Unfortunately it's a lifelong condition and there will always be ups and downs. The severity depends on the treatment; whether or not they're getting treatment, right? My husband truly believed that he could get it under control on his own, without medication, without therapy. Just by being strong. And when he couldn't do it, the extreme guilt and disappointment would set in. Sometimes it takes hitting rock bottom. That's when you seek help immediately, because once the mania sets in again, who needs treatment, right? Cause there's nothing wrong. Everyone's different. But I know that my husband, when manic, did/said things he doesn't remember. They don't mean to hurt you. It's not them. When he'd come down from his mania, the realization of his actions become apparent and he harbors guilt beyond most of the "average" person (whatever that is). It eats him up. He feels less of a person and not worthy. He's tormented and the whole thing is so heart-breaking. He told me yesterday that it was like having a parasite inside him that takes over and he just wants it out.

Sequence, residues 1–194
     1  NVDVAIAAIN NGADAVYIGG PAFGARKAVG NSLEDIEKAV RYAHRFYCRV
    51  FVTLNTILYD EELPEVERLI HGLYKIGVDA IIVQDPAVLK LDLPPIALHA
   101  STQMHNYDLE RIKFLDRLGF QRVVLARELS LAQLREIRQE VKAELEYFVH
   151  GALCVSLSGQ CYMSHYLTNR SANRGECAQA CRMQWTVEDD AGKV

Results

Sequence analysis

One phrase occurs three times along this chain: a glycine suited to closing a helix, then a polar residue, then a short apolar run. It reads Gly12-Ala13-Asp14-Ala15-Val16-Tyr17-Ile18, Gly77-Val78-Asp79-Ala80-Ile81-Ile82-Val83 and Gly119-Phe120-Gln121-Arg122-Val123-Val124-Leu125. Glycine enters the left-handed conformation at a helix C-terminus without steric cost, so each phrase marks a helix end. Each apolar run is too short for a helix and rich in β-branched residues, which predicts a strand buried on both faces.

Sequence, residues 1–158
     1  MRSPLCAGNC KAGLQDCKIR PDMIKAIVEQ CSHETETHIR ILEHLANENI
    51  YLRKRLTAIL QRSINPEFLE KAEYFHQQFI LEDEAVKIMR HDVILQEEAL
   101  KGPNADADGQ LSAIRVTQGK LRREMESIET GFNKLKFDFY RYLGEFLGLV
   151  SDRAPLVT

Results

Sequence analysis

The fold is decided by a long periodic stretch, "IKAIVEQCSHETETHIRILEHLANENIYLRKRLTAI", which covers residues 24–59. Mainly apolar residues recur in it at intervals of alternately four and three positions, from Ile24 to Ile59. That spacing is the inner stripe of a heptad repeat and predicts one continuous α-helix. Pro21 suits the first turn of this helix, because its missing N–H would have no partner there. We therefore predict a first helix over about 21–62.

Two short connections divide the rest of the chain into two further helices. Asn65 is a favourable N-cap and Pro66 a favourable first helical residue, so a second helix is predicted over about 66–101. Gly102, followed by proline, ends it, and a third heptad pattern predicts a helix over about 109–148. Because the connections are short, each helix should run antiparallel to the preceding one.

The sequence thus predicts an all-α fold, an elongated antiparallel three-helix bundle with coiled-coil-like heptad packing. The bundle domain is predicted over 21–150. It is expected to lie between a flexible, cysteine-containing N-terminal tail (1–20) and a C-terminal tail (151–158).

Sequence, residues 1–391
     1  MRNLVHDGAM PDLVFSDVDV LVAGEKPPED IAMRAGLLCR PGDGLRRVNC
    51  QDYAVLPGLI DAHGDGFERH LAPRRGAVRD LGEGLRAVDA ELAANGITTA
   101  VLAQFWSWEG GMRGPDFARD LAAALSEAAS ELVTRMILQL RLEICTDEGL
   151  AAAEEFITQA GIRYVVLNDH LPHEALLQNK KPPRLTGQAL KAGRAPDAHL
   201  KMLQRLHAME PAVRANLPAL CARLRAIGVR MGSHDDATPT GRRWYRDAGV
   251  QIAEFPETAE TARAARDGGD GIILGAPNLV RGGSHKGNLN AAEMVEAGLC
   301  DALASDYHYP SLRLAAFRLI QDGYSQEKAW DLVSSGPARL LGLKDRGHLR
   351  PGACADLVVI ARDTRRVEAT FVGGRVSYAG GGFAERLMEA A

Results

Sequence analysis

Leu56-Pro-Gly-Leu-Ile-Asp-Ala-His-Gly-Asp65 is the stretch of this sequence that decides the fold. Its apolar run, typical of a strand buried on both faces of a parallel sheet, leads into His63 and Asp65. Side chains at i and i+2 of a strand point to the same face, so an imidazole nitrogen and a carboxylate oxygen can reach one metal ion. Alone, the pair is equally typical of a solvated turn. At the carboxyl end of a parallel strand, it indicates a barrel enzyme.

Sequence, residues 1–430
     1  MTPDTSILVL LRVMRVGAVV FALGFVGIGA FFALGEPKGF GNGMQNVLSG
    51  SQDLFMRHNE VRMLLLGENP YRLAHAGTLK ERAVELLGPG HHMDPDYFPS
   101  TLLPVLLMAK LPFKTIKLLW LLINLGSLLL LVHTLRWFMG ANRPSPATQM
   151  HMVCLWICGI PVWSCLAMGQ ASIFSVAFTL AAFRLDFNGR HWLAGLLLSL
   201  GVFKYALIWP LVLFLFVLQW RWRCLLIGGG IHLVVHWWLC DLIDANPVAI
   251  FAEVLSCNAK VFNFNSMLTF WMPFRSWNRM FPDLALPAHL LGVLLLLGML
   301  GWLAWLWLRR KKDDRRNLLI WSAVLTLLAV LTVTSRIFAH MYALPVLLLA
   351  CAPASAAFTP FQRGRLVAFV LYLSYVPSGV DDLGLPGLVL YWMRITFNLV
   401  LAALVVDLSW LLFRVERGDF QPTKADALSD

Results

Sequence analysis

When you're in the middle of it, it's easy to be angry, resentful and fed up. I'm looking at everything from a whole new perspective now. I see him as a dear friend, someone who I care about
and love, and I see it for what it is now, without my personal feelings/emotions being involved. Forgiveness, understanding and a sense of security is what you're husband needs, because when he comes down, he will probably have so much guilt, and you probably won't even know the extent of it because he may or may not be able to express it to you. It's so hard for the non-bp because sometimes we endure so much abuse. You can read some of my posts over the last year. I went through it all, sadness, extreme anger/resentment, feeling alone, unwanted, unloved. I'm here if you need to talk, you can e-mail me at any time! Hang in there! you're not alone!